The King of all Redactions: Carousel Capital
The North Carolina pension plan is the sole investor in an entity called the Innovation Fund, and which is managed by Grosvenor Capital. The $230 million fund is designed to make direct investments in North Carolina as well as investments in private equity funds with a southeastern regional focus. As I’ve written before, the Innovation Fund is a black hole. Investment returns, fees, and deal terms that might have been disclosed to the public if the pension had invested directly are hidden because they’ve been made inside the Innovation Fund, which is guarded by Grosvenor. Credit Suisse, the global investment bank, originally managed the fund. However, Credit Suisse sold its private equity fund-of-funds business to Grosvenor in 2014.
David Sirota of the International Business Times is continuing to explore the curious relationship between the North Carolina pension plan, Credit Suisse, and Carousel Capital, one of the managers for both the state pension plan and the Innovation Fund. Mr. Sirota has unearthed a very curious fact. When Carousel Capital set out to raise its 4th fund, it engaged Credit Suisse’s private placement business to help it raise the capital. As Mr. Sirota points out, North Carolina already had a relationship with Carousel, having committed $21 million to its 3rd fund. The pension made a commitment to the 4th fund of $25 million, and Credit Suisse made an undisclosed investment in Carousel through the Innovation Fund (it’s not clear if that investment was made into Fund IV or some other entity). As I’ve written and Mr. Sirota reports, the managers for the Innovation Fund are for the most part incredibly well connected in North Carolina business and political circles.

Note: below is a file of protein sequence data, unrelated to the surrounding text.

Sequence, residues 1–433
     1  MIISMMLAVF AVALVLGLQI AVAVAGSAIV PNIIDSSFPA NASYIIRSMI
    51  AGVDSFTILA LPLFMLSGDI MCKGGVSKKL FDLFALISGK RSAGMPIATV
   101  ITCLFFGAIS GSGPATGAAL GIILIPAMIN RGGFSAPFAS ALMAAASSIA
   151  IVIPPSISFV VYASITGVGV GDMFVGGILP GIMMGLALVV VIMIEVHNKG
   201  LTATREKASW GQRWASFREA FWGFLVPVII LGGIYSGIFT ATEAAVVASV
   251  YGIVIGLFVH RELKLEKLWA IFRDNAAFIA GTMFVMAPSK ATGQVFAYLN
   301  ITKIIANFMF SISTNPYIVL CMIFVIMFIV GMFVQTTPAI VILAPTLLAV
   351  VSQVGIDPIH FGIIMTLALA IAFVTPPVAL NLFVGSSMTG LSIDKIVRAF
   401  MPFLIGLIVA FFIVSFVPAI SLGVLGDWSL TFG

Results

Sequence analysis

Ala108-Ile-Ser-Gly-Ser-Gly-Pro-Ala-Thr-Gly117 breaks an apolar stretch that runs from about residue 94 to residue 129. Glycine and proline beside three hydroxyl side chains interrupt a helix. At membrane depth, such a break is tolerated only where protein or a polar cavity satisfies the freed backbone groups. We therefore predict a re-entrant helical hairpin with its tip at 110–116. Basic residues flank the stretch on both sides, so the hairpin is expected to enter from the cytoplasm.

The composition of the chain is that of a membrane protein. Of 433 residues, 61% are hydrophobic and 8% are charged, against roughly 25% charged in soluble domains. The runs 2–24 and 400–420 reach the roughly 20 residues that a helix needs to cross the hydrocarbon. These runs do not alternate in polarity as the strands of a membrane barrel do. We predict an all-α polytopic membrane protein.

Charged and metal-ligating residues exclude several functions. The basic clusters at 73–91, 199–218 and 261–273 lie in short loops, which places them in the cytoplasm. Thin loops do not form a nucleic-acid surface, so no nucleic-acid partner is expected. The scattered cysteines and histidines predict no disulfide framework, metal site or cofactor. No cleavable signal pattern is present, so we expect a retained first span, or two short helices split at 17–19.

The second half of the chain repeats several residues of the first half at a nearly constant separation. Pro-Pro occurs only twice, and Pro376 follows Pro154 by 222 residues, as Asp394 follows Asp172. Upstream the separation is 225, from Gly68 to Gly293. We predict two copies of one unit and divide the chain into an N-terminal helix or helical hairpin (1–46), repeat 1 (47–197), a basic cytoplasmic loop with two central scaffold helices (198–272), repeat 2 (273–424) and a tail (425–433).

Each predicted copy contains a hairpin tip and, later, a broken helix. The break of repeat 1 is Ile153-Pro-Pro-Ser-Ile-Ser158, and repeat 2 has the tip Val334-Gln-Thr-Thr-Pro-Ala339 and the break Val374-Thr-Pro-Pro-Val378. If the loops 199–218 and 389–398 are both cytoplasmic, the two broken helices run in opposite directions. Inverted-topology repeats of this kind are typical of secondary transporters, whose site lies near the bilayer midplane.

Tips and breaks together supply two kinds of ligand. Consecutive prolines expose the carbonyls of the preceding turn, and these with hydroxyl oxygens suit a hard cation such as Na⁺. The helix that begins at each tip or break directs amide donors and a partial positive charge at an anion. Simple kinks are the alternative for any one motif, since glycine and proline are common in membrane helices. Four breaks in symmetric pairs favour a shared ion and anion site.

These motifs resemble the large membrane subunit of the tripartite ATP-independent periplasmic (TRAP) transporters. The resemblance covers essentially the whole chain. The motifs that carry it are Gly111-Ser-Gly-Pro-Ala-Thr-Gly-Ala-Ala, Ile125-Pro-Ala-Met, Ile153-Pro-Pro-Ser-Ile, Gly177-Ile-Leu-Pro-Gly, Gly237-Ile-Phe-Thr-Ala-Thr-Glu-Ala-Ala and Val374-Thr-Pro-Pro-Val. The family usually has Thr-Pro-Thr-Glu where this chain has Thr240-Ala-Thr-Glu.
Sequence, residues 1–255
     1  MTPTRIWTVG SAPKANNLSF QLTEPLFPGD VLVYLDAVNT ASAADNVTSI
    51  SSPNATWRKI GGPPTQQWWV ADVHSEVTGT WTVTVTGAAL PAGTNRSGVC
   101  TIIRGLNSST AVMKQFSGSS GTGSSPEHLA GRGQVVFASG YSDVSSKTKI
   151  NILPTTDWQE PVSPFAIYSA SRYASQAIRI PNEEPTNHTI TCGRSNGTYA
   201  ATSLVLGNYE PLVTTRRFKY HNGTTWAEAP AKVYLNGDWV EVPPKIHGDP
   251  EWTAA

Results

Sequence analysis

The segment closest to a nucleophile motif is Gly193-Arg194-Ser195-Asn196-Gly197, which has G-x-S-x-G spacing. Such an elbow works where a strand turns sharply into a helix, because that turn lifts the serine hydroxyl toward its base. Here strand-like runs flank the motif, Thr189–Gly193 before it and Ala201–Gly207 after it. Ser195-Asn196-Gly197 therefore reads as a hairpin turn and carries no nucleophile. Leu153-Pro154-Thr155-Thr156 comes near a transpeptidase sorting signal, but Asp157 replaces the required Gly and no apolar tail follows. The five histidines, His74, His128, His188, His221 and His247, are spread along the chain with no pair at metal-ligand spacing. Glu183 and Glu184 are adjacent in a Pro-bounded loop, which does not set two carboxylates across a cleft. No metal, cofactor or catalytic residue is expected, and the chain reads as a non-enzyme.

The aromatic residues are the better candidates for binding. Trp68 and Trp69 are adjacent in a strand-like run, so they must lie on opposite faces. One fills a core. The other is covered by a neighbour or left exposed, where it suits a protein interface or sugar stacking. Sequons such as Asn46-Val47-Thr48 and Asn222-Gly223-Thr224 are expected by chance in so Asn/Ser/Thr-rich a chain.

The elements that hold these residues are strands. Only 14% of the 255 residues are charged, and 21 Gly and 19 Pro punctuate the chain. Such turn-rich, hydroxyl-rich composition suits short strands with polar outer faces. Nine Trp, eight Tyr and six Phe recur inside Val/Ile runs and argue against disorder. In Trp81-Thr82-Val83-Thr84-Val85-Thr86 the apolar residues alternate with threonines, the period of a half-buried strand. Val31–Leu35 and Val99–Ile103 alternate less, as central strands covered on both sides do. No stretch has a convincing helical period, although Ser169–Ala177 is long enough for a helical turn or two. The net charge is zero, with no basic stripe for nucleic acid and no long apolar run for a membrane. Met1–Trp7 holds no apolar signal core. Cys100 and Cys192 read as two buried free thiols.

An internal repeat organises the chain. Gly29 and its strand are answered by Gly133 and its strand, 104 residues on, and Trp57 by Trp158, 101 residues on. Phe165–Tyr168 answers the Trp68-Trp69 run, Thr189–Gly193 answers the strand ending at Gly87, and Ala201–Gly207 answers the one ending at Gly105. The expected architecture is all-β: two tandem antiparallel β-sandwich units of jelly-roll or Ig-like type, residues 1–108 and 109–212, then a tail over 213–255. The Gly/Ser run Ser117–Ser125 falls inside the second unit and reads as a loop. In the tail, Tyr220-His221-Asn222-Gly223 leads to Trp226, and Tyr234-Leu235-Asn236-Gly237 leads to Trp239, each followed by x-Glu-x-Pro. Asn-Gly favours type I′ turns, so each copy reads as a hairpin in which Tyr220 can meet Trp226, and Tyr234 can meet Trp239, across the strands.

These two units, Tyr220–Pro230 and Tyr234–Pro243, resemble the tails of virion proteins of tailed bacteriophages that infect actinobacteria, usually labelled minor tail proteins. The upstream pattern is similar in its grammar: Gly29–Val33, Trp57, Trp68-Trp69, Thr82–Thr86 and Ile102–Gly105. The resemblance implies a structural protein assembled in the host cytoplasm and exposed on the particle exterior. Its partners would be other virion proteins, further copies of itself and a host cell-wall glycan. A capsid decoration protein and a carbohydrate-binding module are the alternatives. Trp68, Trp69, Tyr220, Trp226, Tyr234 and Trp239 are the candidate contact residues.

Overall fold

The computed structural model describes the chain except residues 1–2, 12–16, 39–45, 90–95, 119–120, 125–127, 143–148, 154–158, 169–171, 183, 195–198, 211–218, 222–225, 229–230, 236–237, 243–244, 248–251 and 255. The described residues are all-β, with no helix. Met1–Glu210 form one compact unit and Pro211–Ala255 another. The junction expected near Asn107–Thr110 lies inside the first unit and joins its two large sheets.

These facts raise a series of troubling questions that have gone largely unanswered. Why did Carousel engage Credit Suisse to raise its 4th fund, especially when it solicited North Carolina, which was already an investor in the 3rd fund? Did Credit Suisse get a commission from Carousel for the Innovation Fund’s investment in Carousel? I’m having difficulty understanding why Carousel needed a placement agent. They weren’t raising a substantially larger fund. Their historical performance was good.
According to SEC filings, Carousel paid Credit Suisse about $2.1 million in commissions to help raise about $300 million in new capital during the same period when the North Carolina pension was paying Credit Suisse about $1.7 million per year to manage the Innovation Fund. According to Mr. Sirota’s reporting, the Treasurer’s office only response was that Credit Suisse assured them that its placement agent and fund-of-funds units hadn’t talked to one another. That’s not very reassuring.
As I’ve written before, in responding to SEANC’s public records request, Grosvenor made expansive claims in redacting all pertinent terms of their relationship with the state pension. So if you’re trying to understand the relationship between the pension plan and the Innovation Fund, you are left with heavily redacted documents and no answers.
However, Carousel Capital is the king of redactions. In responding to SEANC’s public records request, William T. Hobbs, a managing director at Carousel, made an even broader set of claims than Grosvenor in shielding Carousel’s documents from public view. At the bottom of this post, I’ve included a page from the private placement memorandum for Fund IV. Only about two out of 103 pages have any text. The rest is blacked out. Ironically one of the only sections that is not redacted contains Erskine Bowles’ resume. Although Mr. Bowles claims that he doesn’t have anything to do with the management of Carousel, his c.v. remains one of eight listed in the document. All the other legal documents pertaining to Carousel’s relationship with North Carolina, including side letters, amendments, and subscription agreements, are similarly redacted. Before these documents were released, lawyers in the Treasurer’s office reviewed them. It’s disappointing that these officials didn’t counter the ridiculous disclosure exemptions claimed by Carousel and Grosvenor.
As a result, we’re left with troubling questions about the operation, performance, and expenses of the Innovation Fund, as well as the relationship between the State Treasurer, Credit Suisse (Grosvenor), and Carousel. The pension’s beneficiaries and taxpayers deserve answers.